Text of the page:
That said, this is a great shoujo anime. It's relatively aged compared to most of the stuff out there right now; you can tell that the characters' outfits are right out of the eighties. Ah, the horrid eighties. Nevertheless, it's a great anime. I'm typically impressed when the story delves into specific activites that require a lot of expertise or research. Miki and Ginta play tennis, and there's a few episodes in the beginning of the series that center on tennis games. In her manga, Yoshizumi actually gave a quick tutorial on tennis (the manga version of Tennis for Dummies). Not surprisingly, she's a tennis player. And a good friend of Takeuchi Naoko--well, from what I gathered anyway. In one of her side notes, she mentioned talking to Takeuchi about how the anime had a lot of kissing scenes. Takeuchi laughed and told her, "It won't be Marmalade Boy without a lot of kissing!" Or something along those lines. I'm too lazy to reach for the manga right now and pull out the quote. Interesting how different Marmalade Boy is from Sailor Moon, huh?
It's not only tennis too. Later in the series, Miki meets this incredibly attractive coworker, Kei. He happens to be a musical child prodigy. There was an episode showing him sitting in a nightclub, composing by a grand piano. Later, he plays his piece to Miki and a full house after announcing that he composed it for the girl he loved. Now isn't that sweet? The mush factor is actually not that high, because at that time, Yuu and Miki were still together. Whee. Oops.
One thing that really struck me about this series is how easily the characters handled awkward scenes. Yoshizumi especially made Yuu a master at handling awkward scenes, especially when it comes to telling Miki what he felt about her. I still think the hand-holding scene should be in some this-is-romantic-without-being-mushy hall of fame. Of course, it should be cut off after Yuu asked Miki if she was hungry. I think Miwa was great at handling intense moments too. Actually, Miwa's probably my favorite character in Marmalade Boy.
This is actually one of those rare series where I think the anime is better than the manga. Maybe it was the added characters and the added storyline. Hmm. Probably the added storyline. I must admit, I was cheering when Miki returned the dialer to Yuu and walked away. I was also cheering when she started dating Kei. Can't help it, he's just way too hot. Especially when he first appeared by walking into the freezer and then looking up? Oh yeah. Guess I'm part of the Kei-and-Miki camp. Camp, you ask? Oh yeah, there's a lot of camps out there. I heard there's even a Ginta-and-Miki camp? Hmm. Yeah, I'm also part of the Miwa-and-Meiko camp. Even though Na-chan has anime's favorite boyfriend as his seiyuu, he just didn't appeal to me that much. Miwa was just so much better. And that library scene where Miwa said, "I'm honored you know my name. Maybe I'm ahead by three lengths too," and Meiko sighed and snapped, "Everybody knows the student body president" was just priceless.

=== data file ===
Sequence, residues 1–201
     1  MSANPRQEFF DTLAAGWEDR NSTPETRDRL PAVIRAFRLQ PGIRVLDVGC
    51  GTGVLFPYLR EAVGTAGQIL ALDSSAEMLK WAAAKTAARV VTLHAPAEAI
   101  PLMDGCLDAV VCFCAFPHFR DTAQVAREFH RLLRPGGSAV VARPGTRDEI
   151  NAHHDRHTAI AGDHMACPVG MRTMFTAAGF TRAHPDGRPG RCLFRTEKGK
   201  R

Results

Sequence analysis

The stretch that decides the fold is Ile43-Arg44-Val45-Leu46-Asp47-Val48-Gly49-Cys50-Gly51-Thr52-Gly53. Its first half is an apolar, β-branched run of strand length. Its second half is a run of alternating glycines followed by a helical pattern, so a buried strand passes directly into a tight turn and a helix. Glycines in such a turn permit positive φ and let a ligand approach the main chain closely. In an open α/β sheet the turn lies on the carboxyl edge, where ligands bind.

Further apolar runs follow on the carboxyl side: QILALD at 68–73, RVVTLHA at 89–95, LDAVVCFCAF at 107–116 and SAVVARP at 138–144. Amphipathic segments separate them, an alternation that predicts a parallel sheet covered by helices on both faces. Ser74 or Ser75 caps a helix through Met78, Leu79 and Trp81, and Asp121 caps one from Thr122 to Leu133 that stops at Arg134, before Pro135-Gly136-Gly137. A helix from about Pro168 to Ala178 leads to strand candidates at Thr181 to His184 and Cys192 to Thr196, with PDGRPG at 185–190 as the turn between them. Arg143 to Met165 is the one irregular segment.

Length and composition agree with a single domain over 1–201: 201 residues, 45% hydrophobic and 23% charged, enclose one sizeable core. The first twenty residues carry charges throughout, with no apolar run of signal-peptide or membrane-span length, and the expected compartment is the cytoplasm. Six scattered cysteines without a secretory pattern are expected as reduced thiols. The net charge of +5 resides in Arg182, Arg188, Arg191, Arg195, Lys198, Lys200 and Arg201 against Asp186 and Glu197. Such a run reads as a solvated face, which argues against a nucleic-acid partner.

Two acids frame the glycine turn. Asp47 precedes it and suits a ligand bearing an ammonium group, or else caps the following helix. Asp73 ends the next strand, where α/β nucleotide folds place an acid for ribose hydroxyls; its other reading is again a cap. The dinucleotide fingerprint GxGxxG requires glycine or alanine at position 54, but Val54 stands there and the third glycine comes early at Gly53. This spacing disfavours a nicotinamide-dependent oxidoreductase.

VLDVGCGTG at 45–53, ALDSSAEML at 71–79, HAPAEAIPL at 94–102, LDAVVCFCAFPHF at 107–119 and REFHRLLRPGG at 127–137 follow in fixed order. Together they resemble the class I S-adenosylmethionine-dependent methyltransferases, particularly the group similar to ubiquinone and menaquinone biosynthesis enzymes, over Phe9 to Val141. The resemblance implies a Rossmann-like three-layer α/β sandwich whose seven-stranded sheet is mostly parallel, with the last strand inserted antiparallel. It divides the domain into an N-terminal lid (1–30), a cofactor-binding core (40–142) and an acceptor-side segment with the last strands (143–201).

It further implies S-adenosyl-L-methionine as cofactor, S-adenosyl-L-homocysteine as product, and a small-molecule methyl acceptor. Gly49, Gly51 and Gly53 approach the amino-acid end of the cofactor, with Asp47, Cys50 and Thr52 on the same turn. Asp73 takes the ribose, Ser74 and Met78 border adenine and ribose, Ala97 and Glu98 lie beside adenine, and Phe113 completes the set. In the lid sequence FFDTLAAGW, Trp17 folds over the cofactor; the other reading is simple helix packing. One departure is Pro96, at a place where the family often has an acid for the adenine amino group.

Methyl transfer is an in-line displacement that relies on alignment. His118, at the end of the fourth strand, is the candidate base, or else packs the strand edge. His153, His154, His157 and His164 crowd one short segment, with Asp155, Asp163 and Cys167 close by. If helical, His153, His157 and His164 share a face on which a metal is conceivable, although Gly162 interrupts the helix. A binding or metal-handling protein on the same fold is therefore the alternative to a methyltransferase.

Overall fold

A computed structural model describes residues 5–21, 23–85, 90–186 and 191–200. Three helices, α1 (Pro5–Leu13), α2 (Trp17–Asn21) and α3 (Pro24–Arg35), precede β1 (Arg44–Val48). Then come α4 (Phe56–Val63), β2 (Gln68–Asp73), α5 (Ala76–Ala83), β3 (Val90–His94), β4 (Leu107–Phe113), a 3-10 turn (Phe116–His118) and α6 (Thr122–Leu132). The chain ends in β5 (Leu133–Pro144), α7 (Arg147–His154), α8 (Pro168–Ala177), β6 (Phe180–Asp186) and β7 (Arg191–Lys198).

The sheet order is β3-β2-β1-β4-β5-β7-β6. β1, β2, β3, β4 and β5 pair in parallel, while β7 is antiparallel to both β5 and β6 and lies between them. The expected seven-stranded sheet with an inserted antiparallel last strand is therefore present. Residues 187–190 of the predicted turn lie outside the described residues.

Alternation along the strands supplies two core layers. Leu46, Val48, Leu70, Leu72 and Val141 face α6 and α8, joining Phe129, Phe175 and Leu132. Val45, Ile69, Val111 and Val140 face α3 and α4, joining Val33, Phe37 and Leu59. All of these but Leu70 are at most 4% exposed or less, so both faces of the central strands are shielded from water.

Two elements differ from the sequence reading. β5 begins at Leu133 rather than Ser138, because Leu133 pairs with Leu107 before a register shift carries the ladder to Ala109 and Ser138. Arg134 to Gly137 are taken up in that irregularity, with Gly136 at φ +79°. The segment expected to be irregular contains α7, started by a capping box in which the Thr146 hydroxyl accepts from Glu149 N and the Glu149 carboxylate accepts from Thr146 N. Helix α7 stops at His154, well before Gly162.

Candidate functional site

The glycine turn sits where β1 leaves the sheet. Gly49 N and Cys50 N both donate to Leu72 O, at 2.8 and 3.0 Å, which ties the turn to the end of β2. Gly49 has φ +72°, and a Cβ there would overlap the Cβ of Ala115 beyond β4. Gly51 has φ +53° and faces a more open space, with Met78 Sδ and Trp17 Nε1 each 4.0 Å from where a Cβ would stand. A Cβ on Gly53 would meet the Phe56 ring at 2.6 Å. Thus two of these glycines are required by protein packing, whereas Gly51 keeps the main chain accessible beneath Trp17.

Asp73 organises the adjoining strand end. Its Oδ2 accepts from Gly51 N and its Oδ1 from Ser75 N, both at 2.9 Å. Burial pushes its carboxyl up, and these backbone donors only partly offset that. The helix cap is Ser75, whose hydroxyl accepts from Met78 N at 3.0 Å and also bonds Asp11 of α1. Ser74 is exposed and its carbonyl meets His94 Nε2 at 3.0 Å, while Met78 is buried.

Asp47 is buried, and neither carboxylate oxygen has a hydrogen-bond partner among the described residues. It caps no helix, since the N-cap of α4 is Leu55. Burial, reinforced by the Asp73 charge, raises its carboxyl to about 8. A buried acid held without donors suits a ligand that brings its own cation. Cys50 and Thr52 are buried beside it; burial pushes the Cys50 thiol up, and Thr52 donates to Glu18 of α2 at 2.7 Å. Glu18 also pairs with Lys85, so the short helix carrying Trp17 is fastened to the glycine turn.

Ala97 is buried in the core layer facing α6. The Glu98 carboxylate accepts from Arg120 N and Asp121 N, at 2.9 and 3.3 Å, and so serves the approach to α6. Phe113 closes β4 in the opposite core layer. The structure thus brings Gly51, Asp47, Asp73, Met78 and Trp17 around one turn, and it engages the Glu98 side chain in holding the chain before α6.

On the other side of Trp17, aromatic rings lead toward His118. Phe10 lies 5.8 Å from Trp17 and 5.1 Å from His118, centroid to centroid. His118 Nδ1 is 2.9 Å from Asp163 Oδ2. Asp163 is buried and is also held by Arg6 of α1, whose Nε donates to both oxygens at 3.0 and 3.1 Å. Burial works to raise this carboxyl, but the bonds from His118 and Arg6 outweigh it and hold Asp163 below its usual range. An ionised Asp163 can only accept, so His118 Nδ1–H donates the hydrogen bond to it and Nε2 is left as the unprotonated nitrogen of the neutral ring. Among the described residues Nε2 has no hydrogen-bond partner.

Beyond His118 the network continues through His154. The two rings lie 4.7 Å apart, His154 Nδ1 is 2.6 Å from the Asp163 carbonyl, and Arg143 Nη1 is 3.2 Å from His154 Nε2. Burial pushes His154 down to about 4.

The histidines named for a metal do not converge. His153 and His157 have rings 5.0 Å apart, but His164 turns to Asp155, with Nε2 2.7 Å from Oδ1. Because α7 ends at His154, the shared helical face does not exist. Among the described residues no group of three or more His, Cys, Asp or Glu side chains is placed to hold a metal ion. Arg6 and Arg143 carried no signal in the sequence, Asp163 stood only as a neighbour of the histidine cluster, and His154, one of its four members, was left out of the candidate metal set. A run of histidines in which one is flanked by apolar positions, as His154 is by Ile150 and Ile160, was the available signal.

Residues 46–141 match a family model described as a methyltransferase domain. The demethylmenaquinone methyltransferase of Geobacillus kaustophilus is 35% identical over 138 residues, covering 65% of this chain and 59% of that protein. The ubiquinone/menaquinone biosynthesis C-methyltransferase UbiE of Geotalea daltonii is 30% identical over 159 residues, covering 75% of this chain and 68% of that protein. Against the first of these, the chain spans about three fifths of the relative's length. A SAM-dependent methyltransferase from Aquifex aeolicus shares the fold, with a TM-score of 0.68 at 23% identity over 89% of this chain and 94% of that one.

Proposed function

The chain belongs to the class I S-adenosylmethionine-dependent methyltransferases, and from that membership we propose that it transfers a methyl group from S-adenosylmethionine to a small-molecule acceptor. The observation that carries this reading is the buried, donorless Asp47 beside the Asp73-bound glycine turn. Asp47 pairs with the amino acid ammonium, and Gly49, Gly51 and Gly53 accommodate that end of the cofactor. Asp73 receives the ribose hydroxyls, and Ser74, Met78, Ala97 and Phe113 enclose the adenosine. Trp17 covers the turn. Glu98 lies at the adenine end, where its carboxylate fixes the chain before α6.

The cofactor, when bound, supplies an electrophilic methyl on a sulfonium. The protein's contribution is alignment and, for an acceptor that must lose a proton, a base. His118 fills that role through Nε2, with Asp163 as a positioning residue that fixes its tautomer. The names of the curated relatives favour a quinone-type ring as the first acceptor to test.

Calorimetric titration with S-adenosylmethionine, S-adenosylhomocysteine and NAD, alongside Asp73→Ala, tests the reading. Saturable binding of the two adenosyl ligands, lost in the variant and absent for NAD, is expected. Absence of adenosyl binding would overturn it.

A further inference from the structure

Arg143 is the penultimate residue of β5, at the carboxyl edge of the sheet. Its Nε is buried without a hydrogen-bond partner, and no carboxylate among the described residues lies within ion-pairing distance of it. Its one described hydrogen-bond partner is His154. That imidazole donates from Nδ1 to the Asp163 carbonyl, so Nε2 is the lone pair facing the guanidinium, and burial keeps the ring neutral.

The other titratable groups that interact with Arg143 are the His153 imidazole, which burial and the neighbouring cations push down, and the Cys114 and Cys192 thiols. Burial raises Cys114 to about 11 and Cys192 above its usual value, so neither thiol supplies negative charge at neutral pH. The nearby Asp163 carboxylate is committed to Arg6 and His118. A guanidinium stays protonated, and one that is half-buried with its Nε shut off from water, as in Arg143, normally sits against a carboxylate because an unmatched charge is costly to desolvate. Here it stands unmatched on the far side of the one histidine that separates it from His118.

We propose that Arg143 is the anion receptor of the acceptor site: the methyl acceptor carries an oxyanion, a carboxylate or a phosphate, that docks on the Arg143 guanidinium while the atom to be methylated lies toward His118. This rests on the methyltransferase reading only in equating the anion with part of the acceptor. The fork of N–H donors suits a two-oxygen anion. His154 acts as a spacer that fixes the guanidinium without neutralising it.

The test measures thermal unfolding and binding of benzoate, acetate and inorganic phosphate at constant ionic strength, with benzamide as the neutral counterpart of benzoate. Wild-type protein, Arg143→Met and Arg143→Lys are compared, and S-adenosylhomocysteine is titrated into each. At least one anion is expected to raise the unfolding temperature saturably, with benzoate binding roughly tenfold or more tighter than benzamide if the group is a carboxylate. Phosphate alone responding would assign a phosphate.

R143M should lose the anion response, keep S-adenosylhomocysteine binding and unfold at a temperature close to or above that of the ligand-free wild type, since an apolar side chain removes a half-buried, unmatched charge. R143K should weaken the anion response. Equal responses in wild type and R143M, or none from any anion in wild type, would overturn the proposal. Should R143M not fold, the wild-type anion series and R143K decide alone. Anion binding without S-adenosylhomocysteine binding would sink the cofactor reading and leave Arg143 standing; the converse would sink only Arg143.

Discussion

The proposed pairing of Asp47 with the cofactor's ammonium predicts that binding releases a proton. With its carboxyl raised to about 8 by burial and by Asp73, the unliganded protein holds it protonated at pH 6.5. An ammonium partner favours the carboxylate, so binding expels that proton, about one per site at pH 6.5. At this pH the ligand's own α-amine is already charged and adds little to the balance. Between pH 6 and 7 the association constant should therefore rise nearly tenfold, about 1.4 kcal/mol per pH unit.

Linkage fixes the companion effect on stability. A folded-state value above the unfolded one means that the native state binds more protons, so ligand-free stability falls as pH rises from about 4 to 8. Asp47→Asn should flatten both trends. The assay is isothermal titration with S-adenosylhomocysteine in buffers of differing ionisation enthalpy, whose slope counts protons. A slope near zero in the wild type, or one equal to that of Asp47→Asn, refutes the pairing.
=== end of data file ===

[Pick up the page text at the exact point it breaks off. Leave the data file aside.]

The music is nothing to run to the anime store for, but there are some choice pieces that will just grow on you. Marmalade Boy's opening song, "Egao ni Aitai," could've been typed as a TV jingle, but it's good enough to listen to by itself. Its slow version played during the hand-holding scene. Kei's song, "For You," wasn't as good as it was intriguing. Still worth checking out. Another well-remembered song from the series would be "Saigo no Yakusoku." This played when Na-chan left for Hiroshima and became known as Meiko's theme. However, it also played when Miki left Yuu, so it can be known as Marmalade Boy's heartbreak song. Considering this is a series chock-full of love triangles, that only makes sense. I think it also played when Arimi let Yuu go. It's a sad melody. Definitely worth checking out if it appealed to you the first time you heard it.
Even though Marmalade Boy is very shoujo, it's still worth checking out even if it's just to study how it was done. And if you consider yourself a traditional shoujo anime fan, there's no excuse for you not to see this.